To control Anthracnose, remove the infected parts of the plant and destroy it. Use a copper-based fungicide to rid the plant of Anthracnose but sparingly, so you don’t end up doing more harm than good.
Copper can be extremely toxic.
Look for resistant types of Pothos that don’t get wrapped up in Anthracnose so easily. Keep the soil well-drained and use an efficient composting system to keep the Pothos healthy.
Investing in watering globes(click here to see them on amazon) for slow and controlled watering may also help.
For the treatment of fungal diseases. Here are the fungicides I recommend:
|Name of The Fungicide||Amount||Amount of Water|
|Bonide 811 Copper 4E Fungicide||1-4 tablespoons (.05-2.0 fl oz)||1 gallon of water|
|Garden Safe Brand Fungicide3||2 tablespoons (1 fl oz)||1 gallon of water|
|Southern Ag – Liquid Copper Fungicide||3-4 tablespoons||1 gallon of water|
Bacterial Leaf Spot
The Bacterial Leaf Spot disease is caused by tiny organisms that we humans can’t see with our eyes. Bacteria are everywhere, and although some are healthy, these are not.
Those small suckers cause the plant many issues through this dreadful disease.
Wet, cold conditions can promote the bacteria colonies and give them the perfect environment to thrive.
The quick division of bacteria can allow the singular bacteria soldiers to multiply and spread in no time.
When temperatures are correct, it will reproduce quickly and grow to cover your pothos.
This disease is highly contagious, so if the pothos has this, keep them away from other plants.
Early identification of the bacteria can make or break the Pothos’ life expectancy. Look out for brown spots and color variation on the leaves.
It can occur in any plant section and kill tissue sections as the bacteria grow into larger “army” clusters.
Dead and damaged tissue can create brown and yellow because of the lack of moisture.
Sometimes, browning is natural. The natural browning can be from new growth pushing out and taking nutrients. This will cause the older leaves to turn brown and fall off.
You can determine this by the location of the browning leaves.
If the browning leaves are near the bottom and new leaves springing at the top, this is the likely perpetrator.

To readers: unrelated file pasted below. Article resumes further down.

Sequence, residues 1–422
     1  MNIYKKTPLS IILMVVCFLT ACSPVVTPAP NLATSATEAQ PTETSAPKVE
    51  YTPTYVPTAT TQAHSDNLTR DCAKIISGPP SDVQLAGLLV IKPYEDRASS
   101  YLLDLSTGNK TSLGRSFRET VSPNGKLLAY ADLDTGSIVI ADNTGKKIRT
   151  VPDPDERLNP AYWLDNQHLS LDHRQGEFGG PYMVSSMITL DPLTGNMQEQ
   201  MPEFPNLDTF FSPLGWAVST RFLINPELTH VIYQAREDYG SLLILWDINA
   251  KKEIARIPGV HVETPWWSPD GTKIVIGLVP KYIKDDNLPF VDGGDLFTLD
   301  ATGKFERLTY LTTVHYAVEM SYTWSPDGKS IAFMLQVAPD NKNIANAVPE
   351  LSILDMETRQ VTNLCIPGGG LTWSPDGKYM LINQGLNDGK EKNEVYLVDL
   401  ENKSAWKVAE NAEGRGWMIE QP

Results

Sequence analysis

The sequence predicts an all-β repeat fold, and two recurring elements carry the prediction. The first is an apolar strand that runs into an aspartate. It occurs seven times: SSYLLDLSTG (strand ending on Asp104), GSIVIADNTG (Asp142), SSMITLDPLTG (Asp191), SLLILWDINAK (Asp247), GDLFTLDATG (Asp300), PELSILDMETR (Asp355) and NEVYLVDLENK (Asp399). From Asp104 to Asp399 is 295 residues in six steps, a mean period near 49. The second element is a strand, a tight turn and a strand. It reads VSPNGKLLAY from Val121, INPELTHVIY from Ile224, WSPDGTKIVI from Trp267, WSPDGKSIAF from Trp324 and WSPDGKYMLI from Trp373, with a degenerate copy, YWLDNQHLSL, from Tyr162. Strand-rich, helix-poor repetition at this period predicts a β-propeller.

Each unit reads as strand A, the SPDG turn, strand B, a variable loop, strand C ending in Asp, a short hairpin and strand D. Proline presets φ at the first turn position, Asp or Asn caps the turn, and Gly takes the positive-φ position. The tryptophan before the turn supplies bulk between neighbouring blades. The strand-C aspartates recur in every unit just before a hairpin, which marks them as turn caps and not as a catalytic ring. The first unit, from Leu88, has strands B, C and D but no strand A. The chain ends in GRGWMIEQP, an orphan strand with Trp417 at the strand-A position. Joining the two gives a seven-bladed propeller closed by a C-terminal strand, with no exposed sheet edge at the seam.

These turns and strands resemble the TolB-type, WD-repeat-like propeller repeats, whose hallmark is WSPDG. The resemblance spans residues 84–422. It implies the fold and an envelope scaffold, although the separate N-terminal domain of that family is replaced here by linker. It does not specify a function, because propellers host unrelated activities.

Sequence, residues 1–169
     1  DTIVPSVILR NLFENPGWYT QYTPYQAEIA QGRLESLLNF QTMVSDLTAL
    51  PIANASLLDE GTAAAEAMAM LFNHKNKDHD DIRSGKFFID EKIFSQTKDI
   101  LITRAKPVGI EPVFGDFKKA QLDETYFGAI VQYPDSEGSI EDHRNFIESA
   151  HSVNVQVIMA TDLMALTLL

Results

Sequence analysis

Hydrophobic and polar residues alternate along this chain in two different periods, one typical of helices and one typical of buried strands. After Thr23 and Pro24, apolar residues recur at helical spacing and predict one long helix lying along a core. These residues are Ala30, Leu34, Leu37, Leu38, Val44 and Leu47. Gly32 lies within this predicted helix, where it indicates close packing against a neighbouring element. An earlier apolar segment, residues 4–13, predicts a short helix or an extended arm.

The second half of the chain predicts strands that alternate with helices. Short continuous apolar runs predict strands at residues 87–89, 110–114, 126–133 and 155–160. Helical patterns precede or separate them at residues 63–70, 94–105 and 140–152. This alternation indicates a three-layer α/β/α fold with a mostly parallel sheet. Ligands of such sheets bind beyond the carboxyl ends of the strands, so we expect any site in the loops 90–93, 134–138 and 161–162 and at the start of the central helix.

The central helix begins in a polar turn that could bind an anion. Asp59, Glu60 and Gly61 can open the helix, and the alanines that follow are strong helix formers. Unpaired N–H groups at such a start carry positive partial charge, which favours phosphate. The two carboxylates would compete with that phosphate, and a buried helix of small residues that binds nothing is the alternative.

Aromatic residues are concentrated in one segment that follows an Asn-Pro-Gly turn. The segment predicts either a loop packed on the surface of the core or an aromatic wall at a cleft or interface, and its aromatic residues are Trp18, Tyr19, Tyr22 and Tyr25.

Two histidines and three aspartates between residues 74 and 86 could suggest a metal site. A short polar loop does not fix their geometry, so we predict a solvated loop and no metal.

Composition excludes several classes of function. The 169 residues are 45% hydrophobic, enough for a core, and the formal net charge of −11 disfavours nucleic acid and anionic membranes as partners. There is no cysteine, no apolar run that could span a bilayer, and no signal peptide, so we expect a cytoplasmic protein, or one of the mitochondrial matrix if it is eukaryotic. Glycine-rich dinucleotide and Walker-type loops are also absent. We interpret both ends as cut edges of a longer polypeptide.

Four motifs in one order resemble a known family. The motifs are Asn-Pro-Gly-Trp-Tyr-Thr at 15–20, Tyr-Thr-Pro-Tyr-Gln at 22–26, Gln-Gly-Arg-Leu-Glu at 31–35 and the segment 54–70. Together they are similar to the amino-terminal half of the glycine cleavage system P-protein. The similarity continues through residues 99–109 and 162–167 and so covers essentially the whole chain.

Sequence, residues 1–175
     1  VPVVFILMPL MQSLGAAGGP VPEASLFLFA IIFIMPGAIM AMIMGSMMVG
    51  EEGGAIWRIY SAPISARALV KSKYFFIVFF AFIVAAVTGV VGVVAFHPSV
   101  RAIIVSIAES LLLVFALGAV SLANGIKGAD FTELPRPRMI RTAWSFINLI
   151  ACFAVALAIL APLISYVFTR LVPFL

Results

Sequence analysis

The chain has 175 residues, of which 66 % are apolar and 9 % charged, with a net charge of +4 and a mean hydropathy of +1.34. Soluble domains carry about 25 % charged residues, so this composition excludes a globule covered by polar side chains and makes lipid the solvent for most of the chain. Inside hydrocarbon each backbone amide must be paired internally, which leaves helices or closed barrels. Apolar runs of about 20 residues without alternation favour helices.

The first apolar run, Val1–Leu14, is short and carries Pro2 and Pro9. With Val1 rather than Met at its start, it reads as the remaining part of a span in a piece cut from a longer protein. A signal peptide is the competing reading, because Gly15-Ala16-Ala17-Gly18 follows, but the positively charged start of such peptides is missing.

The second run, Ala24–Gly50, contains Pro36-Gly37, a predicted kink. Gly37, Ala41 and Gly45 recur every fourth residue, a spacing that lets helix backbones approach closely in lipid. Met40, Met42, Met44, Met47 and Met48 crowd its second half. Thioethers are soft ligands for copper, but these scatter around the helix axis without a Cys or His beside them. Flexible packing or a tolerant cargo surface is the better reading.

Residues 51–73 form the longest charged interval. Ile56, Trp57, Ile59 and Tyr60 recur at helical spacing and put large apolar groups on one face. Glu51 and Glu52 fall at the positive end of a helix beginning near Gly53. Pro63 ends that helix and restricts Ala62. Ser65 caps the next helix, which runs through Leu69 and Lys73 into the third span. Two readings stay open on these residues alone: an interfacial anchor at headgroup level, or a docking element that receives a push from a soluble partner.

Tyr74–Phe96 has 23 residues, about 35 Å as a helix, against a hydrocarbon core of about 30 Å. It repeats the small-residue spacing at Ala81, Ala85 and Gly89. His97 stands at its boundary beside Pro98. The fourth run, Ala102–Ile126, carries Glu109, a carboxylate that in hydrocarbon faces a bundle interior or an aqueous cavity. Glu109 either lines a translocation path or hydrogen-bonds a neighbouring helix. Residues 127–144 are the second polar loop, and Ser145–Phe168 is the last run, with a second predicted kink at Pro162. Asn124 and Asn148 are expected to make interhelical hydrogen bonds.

How to Prevent Brown Spots on Pothos
A plant lover can prevent brown spots on Pothos by consistently checking on the plant’s needs.
Be attentive and create a proper watering system that works for you as a caretaker as well as matches the needs of the Pothos.
Be consistent with pruning, watering, and checking moisture levels in the air.
The issues of spotting come mainly from creating stress in the plant.
The plant’s stress includes poor moisture levels, too much salt in the soil, lack of humidity, direct sunlight, and too much water with no proper draining.
You prevent fungus, scorching, bacteria, pest, and more by preventing these issues.
As a caretaker, you want to give fungus and other diseases no reason to pop up or have a place to thrive.
Invest in a water meter and place your plant in an area where it will thrive.
Remember that natural browning is possible and that the location of the browning can help determine that. Treating a misdiagnosed issue that isn’t there will hurt more than help.
In conclusion, take good care of your Pothos so they will thrive. Seeing a plant not doing well can be hard when you, as a caretaker, put so much effort into it.
Stay positive and keep up with constant monitoring of your Pothos.
It may only take one neglectful week to spring a busload of problems. Listen to the plant’s needs so it can stay healthy and strong.